Tories tweaking their message
"We care about the recovery too, honest." That's the message from Conservative high command this week.
I've commented before that (in "More squeeze to come" and "A plan not a timetable") the Tories seemed to want to appear more single-minded in their determination to cut the deficit than they really were. They had allowed Labour to paint them as hell-bent on cutting spending, regardless of the state of the economy, though in practice, they were unlikely to tighten much more than Labour in 2010-11.
Privately, party officials have explained the disconnect as a matter of positioning: "you need to set clear dividing lines first. Later you can tweak the message."
To judge by some of the headlines this morning - for example, on the front page of the FT - this is more than a tweak.
In the past, David Cameron, George Osborne and others had argued that a tough budget programme would help the recovery, by preventing a run on British government debt. An absence of market panic over borrowing would enable interest rates to stay lower, longer, and thus help the recovery.
There was also the shakier claim that a weaker exchange rate would help exports fill any gap in demand created by cuts in public spending. (I say shaky because even if the economics point in that direction, many in the markets would expect sterling to rise following a tough Conservative first budget.)
But as I noted on the day of Osborne's conference speech, this argument for austerity left the party battling a counter-factual.
Until you could see signs of panic in the markets over UK debt - and we haven't seen many yet - it was that much harder to argue that deficit cuts were priority number one. And that much easier for the government to paint the Conservatives as debt fanatics who would put the recovery at risk.
Apparently, party strategists now agree. On the Andrew Marr show yesterday, David Cameron made the negative link between cutting debt and protecting the recovery. But he also tried out a much more positive line: a Conservative government first budget would "go for growth" , with a "proper plan to get the economy growing" - including, for example, a cut in corporation tax.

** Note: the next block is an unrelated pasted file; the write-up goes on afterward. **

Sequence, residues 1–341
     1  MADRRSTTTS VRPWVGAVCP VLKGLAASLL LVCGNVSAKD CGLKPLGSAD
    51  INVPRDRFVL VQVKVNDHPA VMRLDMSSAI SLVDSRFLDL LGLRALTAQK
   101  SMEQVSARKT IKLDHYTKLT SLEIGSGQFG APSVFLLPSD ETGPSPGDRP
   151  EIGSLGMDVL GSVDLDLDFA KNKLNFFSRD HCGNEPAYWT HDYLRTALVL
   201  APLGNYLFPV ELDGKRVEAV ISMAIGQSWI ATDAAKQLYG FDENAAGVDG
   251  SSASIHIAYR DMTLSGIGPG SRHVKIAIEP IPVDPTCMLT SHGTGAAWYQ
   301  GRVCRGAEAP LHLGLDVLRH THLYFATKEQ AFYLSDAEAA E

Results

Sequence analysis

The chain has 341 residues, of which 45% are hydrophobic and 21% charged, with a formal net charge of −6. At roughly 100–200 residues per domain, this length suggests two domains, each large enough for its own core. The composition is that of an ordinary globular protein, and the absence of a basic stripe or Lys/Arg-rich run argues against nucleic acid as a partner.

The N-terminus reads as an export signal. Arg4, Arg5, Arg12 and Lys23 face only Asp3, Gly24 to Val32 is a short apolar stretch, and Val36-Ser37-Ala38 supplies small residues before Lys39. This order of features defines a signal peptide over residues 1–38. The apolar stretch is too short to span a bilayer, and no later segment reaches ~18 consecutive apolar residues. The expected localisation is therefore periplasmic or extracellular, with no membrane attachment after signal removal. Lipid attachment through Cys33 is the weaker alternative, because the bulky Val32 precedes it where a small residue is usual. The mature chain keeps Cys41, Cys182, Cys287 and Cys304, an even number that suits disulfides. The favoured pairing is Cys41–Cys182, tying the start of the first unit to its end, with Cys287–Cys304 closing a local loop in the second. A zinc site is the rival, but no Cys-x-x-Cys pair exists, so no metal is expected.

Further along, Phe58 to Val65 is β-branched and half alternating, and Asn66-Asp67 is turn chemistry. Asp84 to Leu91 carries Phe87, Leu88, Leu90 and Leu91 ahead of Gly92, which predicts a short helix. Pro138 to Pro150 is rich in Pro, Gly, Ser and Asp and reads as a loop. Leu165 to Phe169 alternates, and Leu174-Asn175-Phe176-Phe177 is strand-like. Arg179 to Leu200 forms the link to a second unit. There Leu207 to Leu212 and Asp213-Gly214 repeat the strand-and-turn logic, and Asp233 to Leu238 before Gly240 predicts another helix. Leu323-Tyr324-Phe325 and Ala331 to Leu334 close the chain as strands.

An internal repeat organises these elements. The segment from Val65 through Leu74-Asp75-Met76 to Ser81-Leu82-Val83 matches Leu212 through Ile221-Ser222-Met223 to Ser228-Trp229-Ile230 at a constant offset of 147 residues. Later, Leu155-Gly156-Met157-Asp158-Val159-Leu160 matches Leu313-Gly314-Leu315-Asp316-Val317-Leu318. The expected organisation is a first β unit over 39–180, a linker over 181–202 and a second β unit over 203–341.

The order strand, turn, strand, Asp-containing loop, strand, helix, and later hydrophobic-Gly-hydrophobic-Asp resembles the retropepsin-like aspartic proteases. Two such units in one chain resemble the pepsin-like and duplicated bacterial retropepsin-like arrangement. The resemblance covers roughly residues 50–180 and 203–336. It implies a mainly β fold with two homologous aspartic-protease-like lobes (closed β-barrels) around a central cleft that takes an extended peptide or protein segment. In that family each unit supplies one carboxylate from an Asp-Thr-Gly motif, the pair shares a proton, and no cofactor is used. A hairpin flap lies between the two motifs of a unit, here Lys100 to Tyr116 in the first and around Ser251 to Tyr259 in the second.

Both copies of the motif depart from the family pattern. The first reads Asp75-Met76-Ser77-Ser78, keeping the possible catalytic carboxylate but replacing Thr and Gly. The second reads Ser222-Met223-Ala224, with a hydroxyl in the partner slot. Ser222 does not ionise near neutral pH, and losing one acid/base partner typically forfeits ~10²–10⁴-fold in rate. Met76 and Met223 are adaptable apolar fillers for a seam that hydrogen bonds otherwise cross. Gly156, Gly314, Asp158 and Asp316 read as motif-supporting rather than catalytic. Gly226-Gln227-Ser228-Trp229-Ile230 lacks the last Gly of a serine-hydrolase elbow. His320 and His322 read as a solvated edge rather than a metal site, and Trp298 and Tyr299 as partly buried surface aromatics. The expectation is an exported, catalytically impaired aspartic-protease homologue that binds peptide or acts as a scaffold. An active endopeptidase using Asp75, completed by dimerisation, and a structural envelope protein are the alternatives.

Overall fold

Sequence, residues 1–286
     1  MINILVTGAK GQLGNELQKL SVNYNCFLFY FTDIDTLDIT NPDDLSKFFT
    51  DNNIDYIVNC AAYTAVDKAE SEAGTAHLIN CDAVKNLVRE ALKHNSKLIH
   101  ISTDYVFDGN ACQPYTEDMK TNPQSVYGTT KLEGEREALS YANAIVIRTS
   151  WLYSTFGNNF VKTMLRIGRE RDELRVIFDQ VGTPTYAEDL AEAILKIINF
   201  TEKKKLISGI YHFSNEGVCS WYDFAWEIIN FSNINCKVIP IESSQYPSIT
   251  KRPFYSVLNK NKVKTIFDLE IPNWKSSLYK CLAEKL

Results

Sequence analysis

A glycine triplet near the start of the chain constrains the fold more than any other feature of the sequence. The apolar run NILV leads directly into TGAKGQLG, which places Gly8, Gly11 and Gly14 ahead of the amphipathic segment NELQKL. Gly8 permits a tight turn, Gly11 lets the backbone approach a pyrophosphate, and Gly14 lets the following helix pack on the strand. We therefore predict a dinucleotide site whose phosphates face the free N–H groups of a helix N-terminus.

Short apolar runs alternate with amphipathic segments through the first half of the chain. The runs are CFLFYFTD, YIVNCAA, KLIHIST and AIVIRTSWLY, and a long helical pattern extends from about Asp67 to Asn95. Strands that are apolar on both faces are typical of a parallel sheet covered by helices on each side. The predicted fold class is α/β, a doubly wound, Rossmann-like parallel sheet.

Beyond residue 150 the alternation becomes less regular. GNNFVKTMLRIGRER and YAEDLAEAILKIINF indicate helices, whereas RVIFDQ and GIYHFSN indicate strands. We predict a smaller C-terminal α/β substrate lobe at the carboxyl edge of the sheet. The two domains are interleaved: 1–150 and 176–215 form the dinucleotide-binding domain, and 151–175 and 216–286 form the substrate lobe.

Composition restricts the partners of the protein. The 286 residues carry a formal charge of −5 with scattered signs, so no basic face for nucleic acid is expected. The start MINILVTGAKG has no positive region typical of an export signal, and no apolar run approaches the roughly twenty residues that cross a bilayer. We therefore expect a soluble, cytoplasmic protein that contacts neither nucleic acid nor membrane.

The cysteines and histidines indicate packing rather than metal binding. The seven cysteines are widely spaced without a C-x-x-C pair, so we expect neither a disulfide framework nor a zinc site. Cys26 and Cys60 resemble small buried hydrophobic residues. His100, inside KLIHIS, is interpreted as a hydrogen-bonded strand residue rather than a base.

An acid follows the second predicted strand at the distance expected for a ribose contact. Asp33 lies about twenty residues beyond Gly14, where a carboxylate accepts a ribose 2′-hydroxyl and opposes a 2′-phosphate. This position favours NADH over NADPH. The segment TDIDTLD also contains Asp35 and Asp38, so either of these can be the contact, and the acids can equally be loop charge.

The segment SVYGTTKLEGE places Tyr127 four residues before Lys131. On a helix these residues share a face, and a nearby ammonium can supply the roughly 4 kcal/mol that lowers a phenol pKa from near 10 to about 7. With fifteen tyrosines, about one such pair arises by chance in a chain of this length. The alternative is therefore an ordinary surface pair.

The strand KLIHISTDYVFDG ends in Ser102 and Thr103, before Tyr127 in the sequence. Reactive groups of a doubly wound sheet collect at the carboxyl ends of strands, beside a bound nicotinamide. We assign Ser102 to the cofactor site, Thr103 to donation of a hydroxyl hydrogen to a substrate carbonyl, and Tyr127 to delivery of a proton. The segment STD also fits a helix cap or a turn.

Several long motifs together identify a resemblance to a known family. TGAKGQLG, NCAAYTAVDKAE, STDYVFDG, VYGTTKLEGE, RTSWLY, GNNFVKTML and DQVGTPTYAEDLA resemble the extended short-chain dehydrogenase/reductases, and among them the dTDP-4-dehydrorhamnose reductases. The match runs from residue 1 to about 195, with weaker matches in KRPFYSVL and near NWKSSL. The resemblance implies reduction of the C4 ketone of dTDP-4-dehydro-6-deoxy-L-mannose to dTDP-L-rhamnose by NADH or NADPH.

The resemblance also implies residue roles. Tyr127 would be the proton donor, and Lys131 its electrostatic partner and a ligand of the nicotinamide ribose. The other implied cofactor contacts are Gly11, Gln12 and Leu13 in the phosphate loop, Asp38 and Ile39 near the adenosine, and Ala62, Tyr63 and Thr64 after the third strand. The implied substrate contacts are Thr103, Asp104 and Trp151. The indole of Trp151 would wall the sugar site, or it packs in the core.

That tax cut might be popular with many businesses. It could even help them grow, at the margin. But it will be paid for by getting rid of various business allowances (and probably limiting the deductibility of debt interest payments). So many other firms could lose out. For obvious reasons, this would not be a give-away budget even if it was "going for growth".
George Osborne wants to reduce the bias in favour of debt finance in the UK. This is one of many ideas he has for boosting Britain's long-term growth. Opposition chancellors always have a bundle of them (see my earlier post "Are we all long-termists now?"). One would expect to see him include some of them in his first budget, though my understanding is that the tax changes would be phased in over several years.
Even Osborne would admit that these kinds of structural changes will not improve Britain's growth prospects overnight. Whereas many economists would argue that new spending cuts or tax rises which come into force next year - against a backdrop of a lot of spare capacity in the economy and possibly weak global demand - could potentially hurt growth in 2010. That's what Labour is going to be saying for at least the next six months.
After months of austerity talk, David Cameron does need to show he cares about growth after all. But he's not going to seal the deal talking about corporation tax cuts which pay for themselves, and small-bore changes to help small businesses. Labour will always be able to come back and point to all the areas where the Tories have said spending will be cut. (They've already been sending texts to journalists this morning along these lines).
It's difficult to get across the idea that cutting the deficit could help the recovery (leaving aside for the moment the question of whether it actually would). But tweaked or untweaked, the Conservatives are stuck with it. That's the argument they have to get across to the British public. And that, in fact, was the main focus of Cameron's interview yesterday and his speech to the CBI today. The question of the day is whether a strengthening economy makes it easier for him - or harder.